The third criteria which would distinguish a great career would have to be a series of defining performances, a series of testaments attesting the proof of the pudding, signature knocks, legendary bowling spells, outstanding series, match-winning performances, marks on sporting history that become part of cricketing folklore, a timeless testimony of talent that has found fulfillment. History has a bias towards events that sometimes undeservedly relegates eras to second position; sporting history is no different. Stories of Curtly Ambrose turning in a fiery spell after being irked by Steve Waugh will be retold by generations, while Ambrose's overall statistics will rarely get discussed. Exceptional performances have this happy habit of being retained for posterity, while patient accumulation does not. The obvious caveat for judging greatness based on signature performances would be that they should not be one-off. Graham Gooch's outstanding 154 against West Indies or Mike Atherton's excellent 182 against SA would be noted in cricketing history as a one-off brilliant performance by a steady performer, but not as a signature performance by a great player.

Now, having set the context in which to discuss Sachin Tendulkar's career, we can go to the onerous task of actually ascertaining his position in history. The sheer weight of the runs he has scored and his awe-inspiring presence at the crease make the evaluation along the first 2 criteria a no-brainer. It is in the third criterion that Sachin Tendulkar might fail to make the cut.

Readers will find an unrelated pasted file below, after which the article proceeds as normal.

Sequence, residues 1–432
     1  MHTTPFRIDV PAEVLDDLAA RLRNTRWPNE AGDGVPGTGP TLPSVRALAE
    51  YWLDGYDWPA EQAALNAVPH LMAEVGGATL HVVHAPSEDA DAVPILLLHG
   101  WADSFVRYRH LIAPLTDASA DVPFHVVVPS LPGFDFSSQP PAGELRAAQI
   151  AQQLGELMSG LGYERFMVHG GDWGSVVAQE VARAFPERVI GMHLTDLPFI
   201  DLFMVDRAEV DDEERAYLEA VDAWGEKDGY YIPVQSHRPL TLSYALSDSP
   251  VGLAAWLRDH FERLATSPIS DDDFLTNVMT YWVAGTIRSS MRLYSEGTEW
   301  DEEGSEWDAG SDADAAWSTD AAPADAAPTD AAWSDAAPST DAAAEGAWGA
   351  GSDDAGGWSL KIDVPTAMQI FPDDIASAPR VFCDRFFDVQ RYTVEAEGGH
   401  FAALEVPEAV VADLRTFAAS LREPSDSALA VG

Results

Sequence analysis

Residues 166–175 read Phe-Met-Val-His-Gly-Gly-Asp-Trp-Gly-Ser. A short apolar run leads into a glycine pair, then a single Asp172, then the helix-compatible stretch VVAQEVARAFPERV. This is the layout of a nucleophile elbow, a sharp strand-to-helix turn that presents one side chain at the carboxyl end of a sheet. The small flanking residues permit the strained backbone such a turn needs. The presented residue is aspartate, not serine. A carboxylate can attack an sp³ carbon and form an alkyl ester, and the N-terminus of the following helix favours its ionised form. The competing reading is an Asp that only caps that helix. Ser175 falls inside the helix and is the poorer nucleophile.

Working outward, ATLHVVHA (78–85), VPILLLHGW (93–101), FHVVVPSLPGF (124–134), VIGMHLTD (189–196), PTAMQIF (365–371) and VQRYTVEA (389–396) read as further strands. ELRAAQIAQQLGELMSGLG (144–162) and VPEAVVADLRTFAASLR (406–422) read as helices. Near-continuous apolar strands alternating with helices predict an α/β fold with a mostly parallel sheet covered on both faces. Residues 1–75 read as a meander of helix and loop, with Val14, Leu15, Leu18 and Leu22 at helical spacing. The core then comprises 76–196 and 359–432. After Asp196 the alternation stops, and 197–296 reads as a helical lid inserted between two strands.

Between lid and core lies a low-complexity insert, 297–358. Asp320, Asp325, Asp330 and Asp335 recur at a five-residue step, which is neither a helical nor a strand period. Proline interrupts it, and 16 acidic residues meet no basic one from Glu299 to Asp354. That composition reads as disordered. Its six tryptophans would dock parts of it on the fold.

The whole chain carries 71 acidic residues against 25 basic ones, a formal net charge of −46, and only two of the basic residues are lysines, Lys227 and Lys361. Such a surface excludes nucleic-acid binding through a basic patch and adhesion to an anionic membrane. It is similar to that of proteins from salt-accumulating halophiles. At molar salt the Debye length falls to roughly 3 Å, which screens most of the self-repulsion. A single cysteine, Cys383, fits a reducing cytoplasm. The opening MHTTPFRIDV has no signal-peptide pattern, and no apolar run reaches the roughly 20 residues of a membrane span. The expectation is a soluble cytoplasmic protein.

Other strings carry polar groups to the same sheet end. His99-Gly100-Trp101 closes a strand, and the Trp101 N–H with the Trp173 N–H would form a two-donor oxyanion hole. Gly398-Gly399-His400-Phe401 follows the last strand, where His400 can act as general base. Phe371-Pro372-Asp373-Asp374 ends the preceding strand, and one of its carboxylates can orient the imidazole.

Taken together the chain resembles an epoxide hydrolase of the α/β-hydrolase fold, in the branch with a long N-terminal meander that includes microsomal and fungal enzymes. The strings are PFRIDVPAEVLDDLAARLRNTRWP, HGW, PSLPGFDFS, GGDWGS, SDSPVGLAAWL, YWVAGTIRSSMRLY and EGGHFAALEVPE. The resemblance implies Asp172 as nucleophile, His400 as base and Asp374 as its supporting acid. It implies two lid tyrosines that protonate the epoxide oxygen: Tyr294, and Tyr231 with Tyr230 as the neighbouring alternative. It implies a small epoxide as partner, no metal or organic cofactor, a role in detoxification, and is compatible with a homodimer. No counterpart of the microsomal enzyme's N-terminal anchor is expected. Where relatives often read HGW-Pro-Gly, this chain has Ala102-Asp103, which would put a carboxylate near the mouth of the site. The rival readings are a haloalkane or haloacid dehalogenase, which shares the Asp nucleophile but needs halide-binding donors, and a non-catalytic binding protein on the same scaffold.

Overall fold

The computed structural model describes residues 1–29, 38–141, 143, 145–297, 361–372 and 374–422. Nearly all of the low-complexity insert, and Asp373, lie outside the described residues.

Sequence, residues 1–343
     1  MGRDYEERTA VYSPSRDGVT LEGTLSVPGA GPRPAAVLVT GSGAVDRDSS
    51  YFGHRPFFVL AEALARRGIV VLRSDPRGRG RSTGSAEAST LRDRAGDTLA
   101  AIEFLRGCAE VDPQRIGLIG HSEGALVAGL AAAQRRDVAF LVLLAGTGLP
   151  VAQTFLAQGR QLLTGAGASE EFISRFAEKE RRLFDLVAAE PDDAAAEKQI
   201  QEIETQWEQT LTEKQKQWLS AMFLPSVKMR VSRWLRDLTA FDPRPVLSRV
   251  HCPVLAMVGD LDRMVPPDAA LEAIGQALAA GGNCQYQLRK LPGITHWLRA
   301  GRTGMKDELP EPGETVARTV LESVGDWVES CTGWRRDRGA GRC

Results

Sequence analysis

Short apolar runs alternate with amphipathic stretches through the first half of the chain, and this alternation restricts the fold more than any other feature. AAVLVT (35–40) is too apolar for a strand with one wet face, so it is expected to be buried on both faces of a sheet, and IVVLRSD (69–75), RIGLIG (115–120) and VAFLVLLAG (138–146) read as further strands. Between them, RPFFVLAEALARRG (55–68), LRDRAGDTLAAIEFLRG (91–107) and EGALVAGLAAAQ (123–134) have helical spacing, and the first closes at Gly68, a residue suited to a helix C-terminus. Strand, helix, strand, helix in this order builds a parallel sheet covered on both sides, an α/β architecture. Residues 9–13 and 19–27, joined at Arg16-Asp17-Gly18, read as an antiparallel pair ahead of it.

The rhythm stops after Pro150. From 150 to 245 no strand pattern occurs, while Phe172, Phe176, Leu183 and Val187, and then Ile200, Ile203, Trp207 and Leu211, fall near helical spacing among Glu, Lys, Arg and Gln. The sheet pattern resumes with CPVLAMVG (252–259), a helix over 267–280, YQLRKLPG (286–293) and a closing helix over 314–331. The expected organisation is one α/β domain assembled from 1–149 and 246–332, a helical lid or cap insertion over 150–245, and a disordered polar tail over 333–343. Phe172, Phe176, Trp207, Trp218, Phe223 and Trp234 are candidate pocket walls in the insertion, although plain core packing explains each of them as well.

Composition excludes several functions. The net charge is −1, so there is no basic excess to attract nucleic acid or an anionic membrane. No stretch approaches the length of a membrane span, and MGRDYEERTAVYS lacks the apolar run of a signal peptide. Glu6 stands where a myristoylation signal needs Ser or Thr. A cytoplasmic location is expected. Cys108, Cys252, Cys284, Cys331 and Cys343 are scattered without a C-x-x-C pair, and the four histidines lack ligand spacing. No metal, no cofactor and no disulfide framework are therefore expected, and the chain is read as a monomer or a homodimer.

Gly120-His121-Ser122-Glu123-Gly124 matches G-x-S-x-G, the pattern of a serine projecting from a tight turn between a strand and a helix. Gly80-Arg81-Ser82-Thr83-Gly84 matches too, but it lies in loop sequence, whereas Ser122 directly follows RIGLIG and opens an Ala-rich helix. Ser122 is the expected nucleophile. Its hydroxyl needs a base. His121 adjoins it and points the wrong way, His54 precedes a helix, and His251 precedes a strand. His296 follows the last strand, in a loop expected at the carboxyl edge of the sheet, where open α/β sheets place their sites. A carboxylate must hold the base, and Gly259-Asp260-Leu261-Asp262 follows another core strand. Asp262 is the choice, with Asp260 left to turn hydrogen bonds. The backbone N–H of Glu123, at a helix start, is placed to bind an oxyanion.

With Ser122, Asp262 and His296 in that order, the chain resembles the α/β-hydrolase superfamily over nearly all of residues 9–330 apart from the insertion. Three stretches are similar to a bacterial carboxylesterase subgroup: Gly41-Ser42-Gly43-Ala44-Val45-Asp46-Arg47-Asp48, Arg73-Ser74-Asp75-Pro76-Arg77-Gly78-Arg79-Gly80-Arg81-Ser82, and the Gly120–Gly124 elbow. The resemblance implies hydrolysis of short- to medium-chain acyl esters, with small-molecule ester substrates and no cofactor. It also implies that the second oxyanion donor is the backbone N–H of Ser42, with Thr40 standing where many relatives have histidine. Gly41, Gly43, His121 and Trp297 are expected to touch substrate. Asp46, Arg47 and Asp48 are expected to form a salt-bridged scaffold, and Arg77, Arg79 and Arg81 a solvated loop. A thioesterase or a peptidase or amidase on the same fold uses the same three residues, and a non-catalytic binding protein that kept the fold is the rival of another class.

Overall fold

My contention is that Sachin has rarely ever played innings that have determined the course of an entire series. In fact, barring a wonderfully belligerent 155* in the Chennai test of the India-Australia series in 1999 where he showed Shane Warne who was boss, there haven’t been any innings that have been series-determining. It is unfortunate that some of his best overseas innings like Perth 1992, Edgbaston 1996(?), Johannesburg 1999(?) and in Wellington 2001(?) have been in lost causes. Though these have been masterclasses in batsmanship, their impact on the course of the series has been minimal. Unfortunate circumstances, a laughable bowling attack and a mediocre support cast have all been contributed in ample measure for this state, but the bottom line remains that there is a clear blot on Sachin's CV which provides ample ammunition for his critics to point at when Cricketing Hall of fame comes beckoning. When history judges Sachin's performances, he could get slotted into that fateful "Special mention" category, instead of marching on as one of the winners. A slot not different from the one occupied by the Dutch Football team in the World cup context or by Ivan Lendl in Wimbledon.